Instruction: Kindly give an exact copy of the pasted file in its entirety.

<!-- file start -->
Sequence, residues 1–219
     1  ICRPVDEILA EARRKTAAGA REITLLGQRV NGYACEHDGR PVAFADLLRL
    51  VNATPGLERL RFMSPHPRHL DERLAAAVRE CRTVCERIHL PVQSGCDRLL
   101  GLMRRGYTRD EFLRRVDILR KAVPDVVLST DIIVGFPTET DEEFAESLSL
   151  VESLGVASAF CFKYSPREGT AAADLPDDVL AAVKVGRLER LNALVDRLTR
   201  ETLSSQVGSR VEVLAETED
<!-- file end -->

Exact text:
Sequence, residues 1–219
     1  ICRPVDEILA EARRKTAAGA REITLLGQRV NGYACEHDGR PVAFADLLRL
    51  VNATPGLERL RFMSPHPRHL DERLAAAVRE CRTVCERIHL PVQSGCDRLL
   101  GLMRRGYTRD EFLRRVDILR KAVPDVVLST DIIVGFPTET DEEFAESLSL
   151  VESLGVASAF CFKYSPREGT AAADLPDDVL AAVKVGRLER LNALVDRLTR
   201  ETLSSQVGSR VEVLAETED